BARBARI Botanical 101, Thoughts

Which botanicals can help you “drop-in” to your meditation practice


From my own experiences, dropping in reconnects me to a wave of peace within myself. I say wave because although this peace is always within me, my connection with it is often fleeting and temporary. Meditation is like that. It’s like finding that quiet room of a house where you can just breathe easy and simply be. The benefits of meditation are well documented. In addition to improving sleep quality, resting heart rate, and blood pressure, meditation has also been shown to improve how you manage and process stress. It encourages you to be more present, which is shown to benefit those with anxiety and depression, and stimulate imagination and creativity. The more you practice meditation, the easier it becomes to get to this metaphorical room. Whenever I’m looking to drop into this state, there are a few tips and tricks to help me get there easier.


I recommend doing this exercise if you are able, but visualization works as well. 

Get a ball, something you can hold in one hand like a tennis or racket ball. Hold it about a foot over your other hand, and drop it into your open palm. Do it again, and again, and again. See the ball, watch it land in your palm, hear the noise it makes when it reconnects with your body, and feel it make contact with your hand. 

This is what it’s like to “drop in”. Dropping in means to re-connect, to re-center yourself. Dropping into awareness and mindfulness, a stabilizing of the mind, and dropping into the present moment.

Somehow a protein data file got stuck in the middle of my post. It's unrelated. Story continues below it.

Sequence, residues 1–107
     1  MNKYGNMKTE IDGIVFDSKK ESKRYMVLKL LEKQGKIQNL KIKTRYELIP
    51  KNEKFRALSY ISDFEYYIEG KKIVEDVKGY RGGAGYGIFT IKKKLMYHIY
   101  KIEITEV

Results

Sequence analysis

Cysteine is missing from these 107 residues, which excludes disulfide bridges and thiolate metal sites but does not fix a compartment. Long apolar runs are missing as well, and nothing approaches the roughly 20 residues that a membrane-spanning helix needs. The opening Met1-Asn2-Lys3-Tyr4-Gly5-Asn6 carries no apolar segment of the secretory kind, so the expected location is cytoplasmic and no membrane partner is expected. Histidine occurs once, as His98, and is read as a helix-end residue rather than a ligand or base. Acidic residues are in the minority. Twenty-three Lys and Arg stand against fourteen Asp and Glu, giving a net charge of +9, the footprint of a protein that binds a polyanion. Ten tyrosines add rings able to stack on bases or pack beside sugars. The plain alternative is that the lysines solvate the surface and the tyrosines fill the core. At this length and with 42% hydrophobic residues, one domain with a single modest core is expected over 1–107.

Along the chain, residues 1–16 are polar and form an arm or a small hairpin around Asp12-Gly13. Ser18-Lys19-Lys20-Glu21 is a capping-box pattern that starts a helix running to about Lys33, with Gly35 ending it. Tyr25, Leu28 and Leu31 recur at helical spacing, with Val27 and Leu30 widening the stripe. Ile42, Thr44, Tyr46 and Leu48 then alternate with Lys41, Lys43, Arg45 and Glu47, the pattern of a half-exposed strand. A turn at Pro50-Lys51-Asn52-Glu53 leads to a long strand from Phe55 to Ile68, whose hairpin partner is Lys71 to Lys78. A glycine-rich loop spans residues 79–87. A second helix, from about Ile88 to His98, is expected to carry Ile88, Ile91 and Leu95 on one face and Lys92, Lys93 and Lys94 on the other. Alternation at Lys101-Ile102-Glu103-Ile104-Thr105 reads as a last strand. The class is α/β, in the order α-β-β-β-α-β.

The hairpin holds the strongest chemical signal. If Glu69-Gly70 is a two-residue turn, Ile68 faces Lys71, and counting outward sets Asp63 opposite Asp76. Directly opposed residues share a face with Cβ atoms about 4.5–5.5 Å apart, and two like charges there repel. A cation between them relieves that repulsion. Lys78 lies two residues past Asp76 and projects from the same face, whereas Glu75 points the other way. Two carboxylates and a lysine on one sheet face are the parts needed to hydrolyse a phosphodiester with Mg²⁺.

Like the ball exercise, there are other methods to help you drop in. Smokeable botanicals can help clear those mental cobwebs, and quiet the mind. Here are a few of my favorites to incorporate into my meditation practice, as well as one plant I don’t recommend. 


(artemisia absinthium)

Wormwood may induce a potent calming or peaceful effect, with a mild weightless sensation when smoked.

Modern science has since debunked any intoxicating effects of wormwood making it more accessible for us to enjoy. 

Found in our Free Time Herbal Blend

Lemon Balm
(melissa officinalis)

Historically, lemon balm has been used for many ailments and uses including for its memory enhancing, stress-reducing, and calming properties. Being a member of the mint family, lemon balm is a zest of freshness to the mental palate and refreshes the mind. 

Found in our Free Time Herbal Blend

(Salvia officinalis)

A favorite amongst herb burners, sage is commonly smudged to cleanse the space and spirit. It originates from traditional Native American practice and is believed to neutralize the air from negative ions. Burning sage is associated with a sense of healing, making it the perfect herb to burn during your meditation practice. 

*Disclaimer: Sage is a sacred herb typically protected on native lands. If you choose to burn sage, be sure it’s ethically sourced. Barbari sage is organically grown and does not disrupt wild ecosystems.

Found in our Airplane Mode and Muse Blends (White Sage is found in our Car Sex Blend)


Here’s where we get a bit controversial. I do not recommend mixing cannabis into your meditation practice, especially if you’re just getting settled into your meditation practice. Although there are some strains that can provide calming, relaxing, or focusing effects, the way weed affects a person is really unique to that person. Everybody’s body is different, and sometimes when one has too much THC or a certain mix of terpenes, it can create a racing mind, which is not particularly helpful in being present. Smoking other botanicals that don’t contain THC can help satiate that smoking action (ie, taking deep breaths), and maintain the smoking ritual while avoiding the intoxicating effect of weed. 

Curious to learn more about how smoking botanicals can enrich your life? Check out our recent posts on Herbs for Manifestation.

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